Outside this window #39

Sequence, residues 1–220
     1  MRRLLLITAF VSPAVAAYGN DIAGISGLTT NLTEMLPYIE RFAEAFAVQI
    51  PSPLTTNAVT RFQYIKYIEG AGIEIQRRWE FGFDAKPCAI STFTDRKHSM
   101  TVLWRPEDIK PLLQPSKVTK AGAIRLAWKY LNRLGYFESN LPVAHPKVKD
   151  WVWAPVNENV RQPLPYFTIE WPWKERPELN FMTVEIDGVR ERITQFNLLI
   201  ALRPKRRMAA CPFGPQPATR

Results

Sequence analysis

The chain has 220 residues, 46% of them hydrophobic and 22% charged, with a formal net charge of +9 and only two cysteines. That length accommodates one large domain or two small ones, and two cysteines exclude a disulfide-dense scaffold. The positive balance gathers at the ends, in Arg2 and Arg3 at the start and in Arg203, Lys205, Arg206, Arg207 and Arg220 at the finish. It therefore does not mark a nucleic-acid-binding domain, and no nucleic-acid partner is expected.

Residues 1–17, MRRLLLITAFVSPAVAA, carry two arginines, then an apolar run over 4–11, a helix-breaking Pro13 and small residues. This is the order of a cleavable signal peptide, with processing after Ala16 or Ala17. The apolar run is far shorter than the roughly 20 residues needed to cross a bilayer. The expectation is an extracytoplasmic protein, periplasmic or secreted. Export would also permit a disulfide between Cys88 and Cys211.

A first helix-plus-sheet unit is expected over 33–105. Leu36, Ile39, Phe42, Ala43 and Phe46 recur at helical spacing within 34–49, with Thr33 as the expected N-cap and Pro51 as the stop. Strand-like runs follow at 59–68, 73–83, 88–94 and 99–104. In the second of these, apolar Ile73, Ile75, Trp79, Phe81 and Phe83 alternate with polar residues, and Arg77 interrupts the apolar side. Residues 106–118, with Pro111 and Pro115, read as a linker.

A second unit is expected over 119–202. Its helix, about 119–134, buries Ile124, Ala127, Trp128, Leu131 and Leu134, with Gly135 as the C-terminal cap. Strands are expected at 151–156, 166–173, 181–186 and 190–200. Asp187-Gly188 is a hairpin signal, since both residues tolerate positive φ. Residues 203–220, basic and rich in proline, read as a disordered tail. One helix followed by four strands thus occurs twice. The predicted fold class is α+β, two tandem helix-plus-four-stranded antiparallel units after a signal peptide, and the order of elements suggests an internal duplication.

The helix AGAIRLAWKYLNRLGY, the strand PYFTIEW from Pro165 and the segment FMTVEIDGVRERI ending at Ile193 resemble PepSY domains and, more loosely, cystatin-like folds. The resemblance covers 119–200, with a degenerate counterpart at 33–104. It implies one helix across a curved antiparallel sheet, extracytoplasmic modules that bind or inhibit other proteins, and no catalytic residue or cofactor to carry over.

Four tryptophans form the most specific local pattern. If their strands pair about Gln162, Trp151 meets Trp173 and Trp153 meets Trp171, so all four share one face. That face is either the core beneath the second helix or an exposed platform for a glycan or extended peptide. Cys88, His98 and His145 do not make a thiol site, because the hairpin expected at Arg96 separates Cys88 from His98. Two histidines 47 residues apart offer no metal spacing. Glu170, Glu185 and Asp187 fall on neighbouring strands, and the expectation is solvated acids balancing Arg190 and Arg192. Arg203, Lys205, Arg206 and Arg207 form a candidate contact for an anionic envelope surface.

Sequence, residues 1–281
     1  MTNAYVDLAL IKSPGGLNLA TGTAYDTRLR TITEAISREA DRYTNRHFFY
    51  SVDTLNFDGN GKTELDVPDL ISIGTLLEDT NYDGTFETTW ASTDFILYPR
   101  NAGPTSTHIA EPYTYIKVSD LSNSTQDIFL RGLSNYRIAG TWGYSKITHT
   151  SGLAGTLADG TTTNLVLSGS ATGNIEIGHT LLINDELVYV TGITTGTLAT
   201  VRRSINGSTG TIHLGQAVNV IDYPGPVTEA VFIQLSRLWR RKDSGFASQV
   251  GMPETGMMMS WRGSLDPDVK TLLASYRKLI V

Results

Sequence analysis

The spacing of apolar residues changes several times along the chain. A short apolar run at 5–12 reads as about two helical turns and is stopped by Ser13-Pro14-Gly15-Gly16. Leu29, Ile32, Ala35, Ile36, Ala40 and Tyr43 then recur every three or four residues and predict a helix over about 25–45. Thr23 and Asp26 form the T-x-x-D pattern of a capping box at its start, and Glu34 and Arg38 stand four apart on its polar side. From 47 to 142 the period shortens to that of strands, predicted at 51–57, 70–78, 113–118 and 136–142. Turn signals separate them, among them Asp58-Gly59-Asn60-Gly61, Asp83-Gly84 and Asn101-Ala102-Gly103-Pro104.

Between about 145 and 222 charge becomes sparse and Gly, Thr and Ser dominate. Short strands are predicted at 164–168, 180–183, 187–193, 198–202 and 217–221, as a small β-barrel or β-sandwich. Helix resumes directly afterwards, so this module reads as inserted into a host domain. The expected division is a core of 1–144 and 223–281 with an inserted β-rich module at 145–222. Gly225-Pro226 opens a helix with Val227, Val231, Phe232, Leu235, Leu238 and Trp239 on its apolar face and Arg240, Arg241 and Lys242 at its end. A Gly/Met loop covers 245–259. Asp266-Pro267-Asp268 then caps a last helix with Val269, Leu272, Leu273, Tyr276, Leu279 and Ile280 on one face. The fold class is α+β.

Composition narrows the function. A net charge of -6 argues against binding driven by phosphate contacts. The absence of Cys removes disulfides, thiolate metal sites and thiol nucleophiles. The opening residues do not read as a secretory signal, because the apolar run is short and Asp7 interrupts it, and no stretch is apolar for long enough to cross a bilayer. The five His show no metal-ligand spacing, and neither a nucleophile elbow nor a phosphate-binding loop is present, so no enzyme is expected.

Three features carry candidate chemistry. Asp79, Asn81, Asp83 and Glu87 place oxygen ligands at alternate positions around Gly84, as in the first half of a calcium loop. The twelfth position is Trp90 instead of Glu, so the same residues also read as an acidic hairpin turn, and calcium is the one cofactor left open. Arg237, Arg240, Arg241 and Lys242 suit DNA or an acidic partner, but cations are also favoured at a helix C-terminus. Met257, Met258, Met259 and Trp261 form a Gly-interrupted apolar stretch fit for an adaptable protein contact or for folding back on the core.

Outside this window the afternoon dozes beneath the blanket of heat. My hair has a static styled quality about it, tumbling in long perfectly formed curls. My tresses look intricately fussed over until I touch one of the snakey coils. Chlorine. The pool has claimed another victim aside from my lank crackling hair. My silver toe ring. A thick plain silver ring I bought at the night market in India. I looked for ages through the blinding array of tin for ears, toes and other places. No dolphins. No ying. Nor yang. No peace signs. A pair of plain toe rings marking my time here and on the yoga mat where I learned how to climb out of my own way. The shala waited at the end of the long narrow path. Every day the path trickled me past long communal tables and cushions made of old saris, past the hammocks, past the swimming pool and the outdoor loungers, right down to the far end of the property. Before sunrise I sit with an eight cup cafetiere brimming with fresh ground coffee. I write. Tattered notepaper and biro sprawled across the wooden table top and me lounging on a chair. I sip my coffee. Astrovarti, the blonde doe eyed three legged dog, curls up next to me on a cushion. She makes a half hearted attempt to take my pen before setttling down to sleep. The advanced yogis make their way to the shala. Soundlessly. Like mist. Weightless. Like a troupe of ballerinas darting into position for their finale. Some early mornings I felt brave and left the comfort of coffee, story and dog, and took myself into the shala to watch how a body’s understanding of strength and grace is transformed when we show up every day. The shala hummed with the power of focus. A pair of plain toe rings marked those four weeks. And so they remained with me, one the second toe of each foot, for seven years. Last year the right ring became too big and started flying off my foot, so it ended up in the jewellry box my mother bought for me in Amsterdam. And today after swimming I arrived home and noticed both my feet were naked. And the thing that had marked the experience; in its departure it led me back round, reminding me of where I had been. Where I’ve come from. Outside this window is a world of time we mark with experiences we want to remember.